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Image 0 - Malcantone forge
Image 1 - Malcantone forge
Image 2 - Malcantone forge

Malcantone forge

Description

Water as a source of energy has been used since antiquity, with the water mill as perhaps the best known application. Its use, however, in driving a forge is much less common. With a relatively small drop the wheel turnst he main shaft on which three spokes of hardwood are fixed. While rotating, these spokes touch the end of the arm of the actual hammer and raise it. As the spoke turnst he hammer falls on the anvil. The rate of the hammer blows depends on the speed of the wheel’s rotation, which in turn depends on the flow of the water. The hammer was used to roughly shape the objects, whose form was then refined afterwards. The Aranno forge was built by the Righetty family in 1860. It is unlikely that it was supplied by the iron mines at Monte Torri.

These mines were worked between 1823 and 1827 before the forge was built. Extraction was resumed between 1862 and 1879. During this period it is probable that part of iron mined went tot he forge at Aranno. The quality of the iron obtained, however, remains unknown. In the valleys here, but also in others, for example, those in the region surrounding Bergamo, the most common raw material fort he forges was scrap iron recovered by peddlers, who then sold it to the blacksmiths. Aranno’s last blacksmith was Fedele Agostoni, who was born in 1888 and died in 1983. By the ned oft the 1940’s his business was already much diminished, but scythes, sickles, shovels, spades and hoes were still produced. These tools were stamped with the Agostoni family name and were sold on the local market, though we have no precise information about where. It is possible however, that some were sold at the San Provino fair in Agno. At the beginning oft he 1960’s, an extremely rusted machete bearing the Agostoni stamp was found embedded in a tree in a forest in the lower Mendrisio region.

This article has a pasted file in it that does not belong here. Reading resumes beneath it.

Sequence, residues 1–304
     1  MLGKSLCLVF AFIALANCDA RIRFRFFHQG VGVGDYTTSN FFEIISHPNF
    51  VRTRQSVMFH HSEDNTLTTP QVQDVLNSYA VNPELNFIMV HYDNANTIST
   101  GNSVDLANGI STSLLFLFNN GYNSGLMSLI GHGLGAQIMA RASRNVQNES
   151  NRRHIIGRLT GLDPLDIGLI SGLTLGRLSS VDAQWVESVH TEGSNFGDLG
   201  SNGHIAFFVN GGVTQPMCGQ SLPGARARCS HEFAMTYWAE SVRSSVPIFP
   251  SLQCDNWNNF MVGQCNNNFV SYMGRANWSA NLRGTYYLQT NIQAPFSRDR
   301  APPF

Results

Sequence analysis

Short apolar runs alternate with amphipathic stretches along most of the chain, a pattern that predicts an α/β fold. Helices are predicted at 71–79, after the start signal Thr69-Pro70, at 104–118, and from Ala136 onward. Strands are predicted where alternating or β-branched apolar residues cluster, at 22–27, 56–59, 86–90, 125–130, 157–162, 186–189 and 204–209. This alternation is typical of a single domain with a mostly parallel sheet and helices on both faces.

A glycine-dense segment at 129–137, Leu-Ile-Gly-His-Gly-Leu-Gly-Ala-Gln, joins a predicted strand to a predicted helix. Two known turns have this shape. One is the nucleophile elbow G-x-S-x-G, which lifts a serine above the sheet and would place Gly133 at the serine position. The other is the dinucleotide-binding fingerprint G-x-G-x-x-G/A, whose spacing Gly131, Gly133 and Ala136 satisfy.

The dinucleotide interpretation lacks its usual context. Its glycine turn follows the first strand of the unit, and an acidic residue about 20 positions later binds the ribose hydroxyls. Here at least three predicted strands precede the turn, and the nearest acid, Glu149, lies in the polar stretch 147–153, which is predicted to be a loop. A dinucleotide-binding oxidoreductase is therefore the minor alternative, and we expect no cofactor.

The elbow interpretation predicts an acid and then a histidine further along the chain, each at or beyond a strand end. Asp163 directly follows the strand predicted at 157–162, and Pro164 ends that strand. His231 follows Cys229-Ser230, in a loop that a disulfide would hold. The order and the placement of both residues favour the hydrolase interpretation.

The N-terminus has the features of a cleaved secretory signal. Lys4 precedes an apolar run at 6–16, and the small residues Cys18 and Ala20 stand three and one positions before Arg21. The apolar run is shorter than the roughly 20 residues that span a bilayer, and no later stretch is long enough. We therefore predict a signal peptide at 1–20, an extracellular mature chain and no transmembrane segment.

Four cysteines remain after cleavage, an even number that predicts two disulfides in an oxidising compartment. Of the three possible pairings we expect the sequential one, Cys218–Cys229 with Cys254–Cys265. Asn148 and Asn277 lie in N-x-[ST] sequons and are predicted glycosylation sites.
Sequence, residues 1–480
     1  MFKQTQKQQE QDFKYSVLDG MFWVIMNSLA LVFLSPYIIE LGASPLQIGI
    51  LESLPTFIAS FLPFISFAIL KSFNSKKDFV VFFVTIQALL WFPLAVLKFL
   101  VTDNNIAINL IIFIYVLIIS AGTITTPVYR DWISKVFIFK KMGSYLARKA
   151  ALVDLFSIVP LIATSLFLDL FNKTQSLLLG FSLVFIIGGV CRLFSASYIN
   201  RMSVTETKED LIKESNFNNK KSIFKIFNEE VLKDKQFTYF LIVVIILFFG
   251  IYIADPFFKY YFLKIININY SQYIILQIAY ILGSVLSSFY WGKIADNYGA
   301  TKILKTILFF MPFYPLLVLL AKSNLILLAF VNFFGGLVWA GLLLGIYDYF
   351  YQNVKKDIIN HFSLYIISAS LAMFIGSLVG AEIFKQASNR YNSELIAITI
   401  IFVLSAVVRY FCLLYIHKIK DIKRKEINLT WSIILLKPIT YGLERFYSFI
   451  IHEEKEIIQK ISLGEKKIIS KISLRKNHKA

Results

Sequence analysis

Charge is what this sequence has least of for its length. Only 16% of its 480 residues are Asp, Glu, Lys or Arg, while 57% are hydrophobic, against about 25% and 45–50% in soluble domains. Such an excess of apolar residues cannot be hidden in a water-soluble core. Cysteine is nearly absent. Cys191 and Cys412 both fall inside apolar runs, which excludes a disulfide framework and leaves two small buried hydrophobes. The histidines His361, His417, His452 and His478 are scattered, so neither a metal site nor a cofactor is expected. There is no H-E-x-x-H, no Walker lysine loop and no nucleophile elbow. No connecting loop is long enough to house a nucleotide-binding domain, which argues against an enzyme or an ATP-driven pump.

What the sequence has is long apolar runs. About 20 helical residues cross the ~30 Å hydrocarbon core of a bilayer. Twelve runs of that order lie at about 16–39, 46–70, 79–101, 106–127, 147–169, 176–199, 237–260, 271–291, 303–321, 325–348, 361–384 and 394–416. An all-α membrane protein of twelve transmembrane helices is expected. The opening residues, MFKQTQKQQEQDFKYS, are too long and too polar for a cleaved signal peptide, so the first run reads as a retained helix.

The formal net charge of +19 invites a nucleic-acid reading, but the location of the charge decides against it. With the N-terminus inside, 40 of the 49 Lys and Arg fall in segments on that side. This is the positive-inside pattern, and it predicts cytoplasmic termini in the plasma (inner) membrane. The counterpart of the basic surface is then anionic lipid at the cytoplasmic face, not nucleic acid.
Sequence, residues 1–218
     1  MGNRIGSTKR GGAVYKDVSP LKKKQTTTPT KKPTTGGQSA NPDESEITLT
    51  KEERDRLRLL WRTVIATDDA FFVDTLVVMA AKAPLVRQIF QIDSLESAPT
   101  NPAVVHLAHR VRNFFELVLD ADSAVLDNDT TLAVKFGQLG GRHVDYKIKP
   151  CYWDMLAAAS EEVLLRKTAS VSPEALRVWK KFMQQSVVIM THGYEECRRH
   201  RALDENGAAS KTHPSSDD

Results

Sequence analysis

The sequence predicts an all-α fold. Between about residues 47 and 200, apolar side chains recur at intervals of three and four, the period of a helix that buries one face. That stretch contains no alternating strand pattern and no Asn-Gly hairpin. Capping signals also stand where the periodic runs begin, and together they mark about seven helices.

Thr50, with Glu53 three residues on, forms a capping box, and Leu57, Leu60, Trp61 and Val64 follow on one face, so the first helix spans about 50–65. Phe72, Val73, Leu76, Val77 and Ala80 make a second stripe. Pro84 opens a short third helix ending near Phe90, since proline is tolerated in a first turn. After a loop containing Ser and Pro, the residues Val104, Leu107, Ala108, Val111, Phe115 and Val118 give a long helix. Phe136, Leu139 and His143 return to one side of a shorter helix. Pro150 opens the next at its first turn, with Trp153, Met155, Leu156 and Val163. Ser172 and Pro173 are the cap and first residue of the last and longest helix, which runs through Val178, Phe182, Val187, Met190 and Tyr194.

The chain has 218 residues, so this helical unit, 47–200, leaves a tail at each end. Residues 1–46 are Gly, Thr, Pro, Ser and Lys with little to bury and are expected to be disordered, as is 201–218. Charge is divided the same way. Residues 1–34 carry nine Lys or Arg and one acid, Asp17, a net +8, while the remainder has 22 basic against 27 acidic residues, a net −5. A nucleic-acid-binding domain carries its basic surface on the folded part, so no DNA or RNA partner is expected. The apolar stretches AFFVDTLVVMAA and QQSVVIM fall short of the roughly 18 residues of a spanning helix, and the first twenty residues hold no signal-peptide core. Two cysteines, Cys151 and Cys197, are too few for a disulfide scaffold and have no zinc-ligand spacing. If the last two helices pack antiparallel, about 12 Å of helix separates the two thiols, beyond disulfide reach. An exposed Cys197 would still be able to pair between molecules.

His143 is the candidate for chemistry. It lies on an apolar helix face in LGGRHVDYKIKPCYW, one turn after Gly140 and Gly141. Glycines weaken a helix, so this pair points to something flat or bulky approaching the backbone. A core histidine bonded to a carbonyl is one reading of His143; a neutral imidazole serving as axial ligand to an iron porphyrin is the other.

This is perhaps a sign of a small market which extended well beyond the region of production, tied perhaps to the San Martino fair in Mendrisio. Production was interrupted suddenly on August 10th 1951. During the night, the Magliasina and the nearby Pirocca stream rose tot he levels which had never been reached before. The forge was flooded and half-destroyed, and Fedele Agostoni and his family had to take refuge in Miglieglia. In 1979 the Malcantone Forge Foundation was established to raise money fort he restoration oft he old forge, so that some of the local history of our valleys could be preserved for future generations.

The Malcantone forge is the only one of ist type still in existence in Switzerland, so that there is every reason to preserve it.